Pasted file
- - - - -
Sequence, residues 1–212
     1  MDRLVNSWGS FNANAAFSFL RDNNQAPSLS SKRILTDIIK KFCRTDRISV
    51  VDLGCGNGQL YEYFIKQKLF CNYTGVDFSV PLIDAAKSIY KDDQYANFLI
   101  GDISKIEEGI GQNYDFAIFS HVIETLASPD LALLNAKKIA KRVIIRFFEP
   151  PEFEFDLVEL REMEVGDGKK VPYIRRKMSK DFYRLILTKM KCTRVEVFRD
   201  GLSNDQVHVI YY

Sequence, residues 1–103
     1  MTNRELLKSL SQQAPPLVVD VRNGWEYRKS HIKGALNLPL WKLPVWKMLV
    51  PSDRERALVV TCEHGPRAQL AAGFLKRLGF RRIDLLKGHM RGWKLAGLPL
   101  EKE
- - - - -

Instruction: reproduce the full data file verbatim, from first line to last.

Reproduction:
Sequence, residues 1–212
     1  MDRLVNSWGS FNANAAFSFL RDNNQAPSLS SKRILTDIIK KFCRTDRISV
    51  VDLGCGNGQL YEYFIKQKLF CNYTGVDFSV PLIDAAKSIY KDDQYANFLI
   101  GDISKIEEGI GQNYDFAIFS HVIETLASPD LALLNAKKIA KRVIIRFFEP
   151  PEFEFDLVEL REMEVGDGKK VPYIRRKMSK DFYRLILTKM KCTRVEVFRD
   201  GLSNDQVHVI YY

Sequence, residues 1–103
     1  MTNRELLKSL SQQAPPLVVD VRNGWEYRKS HIKGALNLPL WKLPVWKMLV
    51  PSDRERALVV TCEHGPRAQL AAGFLKRLGF RRIDLLKGHM RGWKLAGLPL
   101  EKE